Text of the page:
Unraveling the ties between celiac disease and intestinal microbiota

Int Rev Immunol. 2011 Aug;30(4):207-18. doi: 10.3109/08830185.2011.599084.


Celiac disease is a multifactorial disorder that involves interactions between genetic and environmental factors. Gluten proteins are responsible for the symptoms of celiac disease, but other environmental factors that influence the intestinal ecosystem, including the milk-feeding type and gastrointestinal infections, may also play a role. Moreover, intestinal dysbiosis, characterized by increased Gram-negative bacteria and reduced bifidobacteria, has been detected in celiac disease patients. This review summarizes current knowledge of the associations between the intestinal microbiota and celiac disease and its possible modes of action in pathogenesis. Deeper understanding of these interactions can help redefine how this disorder is investigated.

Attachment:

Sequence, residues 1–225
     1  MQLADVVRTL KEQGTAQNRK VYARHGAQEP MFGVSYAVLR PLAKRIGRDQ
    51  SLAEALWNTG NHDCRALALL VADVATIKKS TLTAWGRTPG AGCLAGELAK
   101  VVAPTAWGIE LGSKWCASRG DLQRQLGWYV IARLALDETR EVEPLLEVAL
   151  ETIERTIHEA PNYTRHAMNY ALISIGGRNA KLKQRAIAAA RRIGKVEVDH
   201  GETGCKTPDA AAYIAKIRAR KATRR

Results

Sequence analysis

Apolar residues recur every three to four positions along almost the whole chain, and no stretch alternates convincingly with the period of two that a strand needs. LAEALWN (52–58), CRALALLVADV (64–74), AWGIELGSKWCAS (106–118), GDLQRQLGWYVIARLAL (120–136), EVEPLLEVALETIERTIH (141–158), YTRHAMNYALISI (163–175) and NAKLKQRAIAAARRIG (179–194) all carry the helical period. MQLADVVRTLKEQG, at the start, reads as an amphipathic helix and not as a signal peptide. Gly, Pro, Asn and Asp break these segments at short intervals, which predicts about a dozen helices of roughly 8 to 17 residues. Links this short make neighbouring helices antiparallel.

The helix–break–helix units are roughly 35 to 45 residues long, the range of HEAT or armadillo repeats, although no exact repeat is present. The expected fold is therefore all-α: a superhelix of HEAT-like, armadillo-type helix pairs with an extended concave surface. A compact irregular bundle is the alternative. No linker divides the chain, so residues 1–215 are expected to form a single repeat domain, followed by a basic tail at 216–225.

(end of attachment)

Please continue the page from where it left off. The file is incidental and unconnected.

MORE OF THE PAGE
Publication types

  • Research Support, Non-U.S. Gov't
  • Review

MeSH terms

  • Animals
  • Antibiosis / immunology
  • Celiac Disease / diet therapy
  • Celiac Disease / immunology
  • Celiac Disease / microbiology*
  • Diet Therapy
  • Gram-Negative Bacteria / immunology*
  • Gram-Negative Bacteria / pathogenicity
  • Gram-Negative Bacterial Infections / complications
  • Gram-Negative Bacterial Infections / diet therapy
  • Gram-Negative Bacterial Infections / immunology
  • Gram-Negative Bacterial Infections / microbiology*
  • Humans
  • Immune Tolerance
  • Immunity, Mucosal
  • Inflammation / microbiology
  • Intestines / immunology
  • Intestines / microbiology*
  • Metagenome* / immunology
  • Probiotics / administration & dosage
  • Symbiosis / immunology
  • Virulence